A. I think that’s one of the risks, particularly in speculative fiction or fiction set in an alternate reality. You can go down this trap of inventing something clever and then explaining how clever you’ve been. Some of the stuff about what the characters refer to as the Change — about the elite, the society, the way politics functions, things like that — I sort of imagined it and then left the backstory out. You can sense a texture of something that is there in the imagined world even if it’s not directly described. It gives you a sort of three-dimensionality.
Q. What role does fiction play in helping us come to terms with what’s happening? Facts obviously aren’t reaching everyone right now.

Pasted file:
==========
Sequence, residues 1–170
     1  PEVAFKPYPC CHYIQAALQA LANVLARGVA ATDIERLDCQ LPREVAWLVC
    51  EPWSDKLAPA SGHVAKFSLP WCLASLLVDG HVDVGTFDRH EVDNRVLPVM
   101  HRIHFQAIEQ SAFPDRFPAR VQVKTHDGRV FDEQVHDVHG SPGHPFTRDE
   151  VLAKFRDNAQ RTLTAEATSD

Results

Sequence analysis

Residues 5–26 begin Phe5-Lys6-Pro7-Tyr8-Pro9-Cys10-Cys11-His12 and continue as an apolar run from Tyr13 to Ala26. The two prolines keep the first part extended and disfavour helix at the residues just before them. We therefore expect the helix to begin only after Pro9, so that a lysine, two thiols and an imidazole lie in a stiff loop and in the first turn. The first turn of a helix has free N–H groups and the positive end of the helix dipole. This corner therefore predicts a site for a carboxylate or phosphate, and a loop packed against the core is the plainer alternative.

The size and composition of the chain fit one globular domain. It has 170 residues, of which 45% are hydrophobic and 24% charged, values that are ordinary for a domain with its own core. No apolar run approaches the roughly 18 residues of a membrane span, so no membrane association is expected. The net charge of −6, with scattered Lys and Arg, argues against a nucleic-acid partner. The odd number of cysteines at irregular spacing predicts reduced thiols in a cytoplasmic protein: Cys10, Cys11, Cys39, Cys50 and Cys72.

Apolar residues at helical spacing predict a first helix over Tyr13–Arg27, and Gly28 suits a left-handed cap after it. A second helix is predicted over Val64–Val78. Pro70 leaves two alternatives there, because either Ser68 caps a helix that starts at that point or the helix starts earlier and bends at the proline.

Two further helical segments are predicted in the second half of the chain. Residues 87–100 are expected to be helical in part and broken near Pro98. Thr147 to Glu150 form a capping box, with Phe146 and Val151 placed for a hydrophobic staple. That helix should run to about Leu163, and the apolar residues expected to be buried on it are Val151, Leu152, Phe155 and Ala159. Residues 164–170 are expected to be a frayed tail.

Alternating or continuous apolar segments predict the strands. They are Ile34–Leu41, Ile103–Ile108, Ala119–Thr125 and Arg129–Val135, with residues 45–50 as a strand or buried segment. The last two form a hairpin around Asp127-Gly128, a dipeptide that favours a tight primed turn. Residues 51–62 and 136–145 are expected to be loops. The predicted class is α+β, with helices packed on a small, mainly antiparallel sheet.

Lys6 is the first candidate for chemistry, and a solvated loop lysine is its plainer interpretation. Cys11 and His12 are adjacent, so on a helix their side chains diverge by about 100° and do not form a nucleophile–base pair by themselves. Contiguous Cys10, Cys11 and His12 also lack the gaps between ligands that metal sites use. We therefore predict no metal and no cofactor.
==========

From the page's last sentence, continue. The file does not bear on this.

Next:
A. I obviously don’t agree with it, but I find denial very easy to understand. If we could deny it, that’d be great. If it wasn’t true — fantastic!
It’s very, very hard to look it in the eye and accept the scale of what we’re doing. So that, in a way, is exactly why it came out of a dream and turned into a novel. For me, having it presented in the form of a story makes it easier to process. If we could actually see what was happening, then there’d be much more agreement, about not only what’s happening, but about the necessary urgencies.
I think fiction is just a way to try and sneak under the radar. That’s the thing James Baldwin said — the main way writers change the world is by changing the way people see the world.